Yes it seems the tide is turning on China. If they want to play ball with the rest of the world they need to reform into a modern democracy and the CPC needs to go away. Otherwise, we need to limit the authoritarian contagion. China is pretty much exploiting Capitalist greed to get the Western world to sell them the rope to hang them with.
It took the British over 70 years to fully pacify the Hong Kong people, culminating in the ‘67 protests that ended with over 50 dead protesters. Heck, it took well over a hundred years after the Civil War before true civil rights.
Maybe we just need more time before the Chinese change?
I am often frustrated how CCP infiltration is not on the political radar of most Western society.
We in HK witness on first hand the determination and capability of CCP to slowly gobble up our society. If CCP would be allowed to sliently infiltrate Western society and political sphere, in 20yrs........
Without evoking Godwin's law, just think about it: China is a dictatorship oppressing free speech and many of their citizens that don't share the official views, torturing them, closing them in concentration camps etc. As a politician, you should know better how to express your admiration for progress.
That's definitely a huge problem for the USA, on many levels. However, people in the USA don't regularly self-immolate to express how badly their compatriots are treated, and this happens regularly in Tibet. One would think this would give the Western world a good idea of how oppressive the Chinese regime can be.
Yeah, that's not going to happen and the West doesn't really have leverage against China anymore. On the contrary, China has leverage against the West. Some countries like New Zealand are straight up heading to become a Chinese colony in 50 years.
I can tolerate the empire that I am a part of because at least I know I can criticize its evil deeds without having them censor every little thing about them... which can potentially convince them to change, not so for the CPC.
Whataboutism is just plain dumb. One country doing bad things in no way justifies any other country doing bad things. Especially when there is broad agreement amongst most people that both things are bad.
I think geogra4's tone was of a kind with the post to which he was responding, which seemed to be asserting that only "modern democracies" (which there appear to be a scant few of these days) could "play ball," and that therefore China is, I guess, disqualified from participating in the world economy?
This is deeply subjective obviously: It didn't strike me as "whataboutism," but more a refutation of what seemed like a moral-political superiority complex. Devopyl's comment expressed this old-fashioned view; very reminiscent of the 80s and 90s, for me, and I think geogra4's balloon-popping was well in order.
We may have different definitions of "whataboutism" as well :)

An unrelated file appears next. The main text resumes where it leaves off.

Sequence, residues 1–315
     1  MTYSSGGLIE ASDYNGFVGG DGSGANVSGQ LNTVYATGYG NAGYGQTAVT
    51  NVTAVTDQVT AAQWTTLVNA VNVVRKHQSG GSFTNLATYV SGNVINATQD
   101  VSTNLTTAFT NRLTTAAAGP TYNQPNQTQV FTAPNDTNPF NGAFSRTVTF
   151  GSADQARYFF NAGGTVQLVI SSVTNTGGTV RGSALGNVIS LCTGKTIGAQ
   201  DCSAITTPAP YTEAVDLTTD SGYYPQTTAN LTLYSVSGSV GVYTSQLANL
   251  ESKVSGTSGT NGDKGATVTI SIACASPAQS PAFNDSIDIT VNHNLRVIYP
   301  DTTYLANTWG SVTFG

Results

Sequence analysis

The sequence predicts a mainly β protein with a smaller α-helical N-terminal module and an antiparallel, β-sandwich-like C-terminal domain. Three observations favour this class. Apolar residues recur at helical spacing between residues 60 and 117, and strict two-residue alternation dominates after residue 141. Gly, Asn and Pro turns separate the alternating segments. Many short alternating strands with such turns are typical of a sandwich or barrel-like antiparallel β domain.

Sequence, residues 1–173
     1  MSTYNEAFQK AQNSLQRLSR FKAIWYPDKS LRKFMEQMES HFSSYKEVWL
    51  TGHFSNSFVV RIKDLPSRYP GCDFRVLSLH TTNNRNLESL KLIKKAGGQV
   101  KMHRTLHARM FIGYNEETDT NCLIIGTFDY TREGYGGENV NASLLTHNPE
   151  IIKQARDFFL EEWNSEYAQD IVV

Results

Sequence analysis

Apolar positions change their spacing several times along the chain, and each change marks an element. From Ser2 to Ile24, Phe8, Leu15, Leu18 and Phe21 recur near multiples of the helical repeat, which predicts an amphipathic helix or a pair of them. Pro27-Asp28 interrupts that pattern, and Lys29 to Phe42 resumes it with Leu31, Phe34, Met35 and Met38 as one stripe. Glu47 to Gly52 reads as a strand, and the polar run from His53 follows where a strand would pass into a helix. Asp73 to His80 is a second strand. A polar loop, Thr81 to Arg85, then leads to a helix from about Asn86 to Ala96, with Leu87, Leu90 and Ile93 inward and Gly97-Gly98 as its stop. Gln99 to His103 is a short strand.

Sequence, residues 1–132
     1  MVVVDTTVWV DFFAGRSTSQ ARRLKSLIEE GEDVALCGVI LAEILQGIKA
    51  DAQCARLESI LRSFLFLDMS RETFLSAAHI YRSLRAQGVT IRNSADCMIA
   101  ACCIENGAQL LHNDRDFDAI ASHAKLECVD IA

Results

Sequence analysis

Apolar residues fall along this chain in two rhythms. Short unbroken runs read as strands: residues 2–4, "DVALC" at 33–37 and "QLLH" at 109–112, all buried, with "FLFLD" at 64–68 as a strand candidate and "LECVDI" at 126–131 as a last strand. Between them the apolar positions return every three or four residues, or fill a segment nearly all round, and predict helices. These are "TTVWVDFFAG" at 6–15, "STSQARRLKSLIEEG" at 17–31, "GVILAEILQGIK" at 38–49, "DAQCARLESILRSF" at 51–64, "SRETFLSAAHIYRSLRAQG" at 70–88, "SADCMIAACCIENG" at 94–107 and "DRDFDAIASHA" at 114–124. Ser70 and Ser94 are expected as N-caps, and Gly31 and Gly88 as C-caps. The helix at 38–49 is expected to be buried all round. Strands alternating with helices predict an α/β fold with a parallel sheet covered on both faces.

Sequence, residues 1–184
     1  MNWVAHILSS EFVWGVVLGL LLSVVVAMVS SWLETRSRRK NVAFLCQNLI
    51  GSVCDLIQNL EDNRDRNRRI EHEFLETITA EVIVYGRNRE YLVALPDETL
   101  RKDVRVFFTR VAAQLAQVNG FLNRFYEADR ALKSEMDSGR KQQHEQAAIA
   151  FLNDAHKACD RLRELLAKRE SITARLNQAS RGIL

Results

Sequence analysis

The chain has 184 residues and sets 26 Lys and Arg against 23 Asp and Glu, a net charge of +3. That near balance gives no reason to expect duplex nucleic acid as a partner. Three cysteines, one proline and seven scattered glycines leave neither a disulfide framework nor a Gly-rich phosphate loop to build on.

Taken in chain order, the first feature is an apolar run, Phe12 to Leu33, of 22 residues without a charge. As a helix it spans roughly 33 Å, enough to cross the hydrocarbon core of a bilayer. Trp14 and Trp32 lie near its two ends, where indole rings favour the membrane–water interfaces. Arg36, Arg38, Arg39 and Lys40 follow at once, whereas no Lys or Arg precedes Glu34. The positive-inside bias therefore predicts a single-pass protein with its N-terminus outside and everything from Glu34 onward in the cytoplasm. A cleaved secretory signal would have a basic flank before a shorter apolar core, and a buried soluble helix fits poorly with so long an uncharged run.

I don't understand how HKEX has this much money (or can raise) to buy LSE (or invertly why LSE is worth this much). Exchanges don't do clearing so essentially just a glorified piece of matching software running 24/7. HKEX has their own data center in the middle of nowhere granted which I've been to and yeah more impressive than say an Equinix such HK1 but still the figures don't seem right..
It's not hard when you have government gifted statutory monopoly and are also given control of listing and clearing regulations.
The government ban on any competition to HKEX means that their net profit margin was 61% last year.
As activist investor David Web put it:
"On top of that, HKEX doesn’t even do its job well as an exchange, because it has been exempted from the Competition Ordinance and has fees, profit margins and archaic practices that only a monopoly could get away with."
>Exchanges don't do clearing
True, but this is HKEX, which stands for Hong Kong Exchanges and Clearing. They operate 4 clearing houses in HK.
update: 61% was first 9-months. Fully year was 58%
Exchanges only have a couple of hundred customers afaiu, with the volume coming through only a couple of dozen, everyone else is through their prime broker. In other words there is a limit on how much they can pull fees up before liquidity moves elsewhere. I wouldn't be surprised too if the matching software was off the shelf.
> I wouldn’t be surprised too if the matching software was off the shelf
If there exists a business whose product is “scalable real-time order-book matching software” as licensed software or SaaS, I’d love to know about it! I’m in an adjacent space, and I’d love to strike up a partnership with such folks.
As far as I know, such a business doesn’t exist; all the big exchanges maintain their own core IP, much like all the big telcos in the 90s maintained their own core telecom-equipment IP. From what I know of the space, each player thinks that licensing the IP would just be either inviting a new player to the table, or more likely inviting enough new players to the table that other parts of the trading value chain would start to see value in abstracting-away and commoditizing their part of it.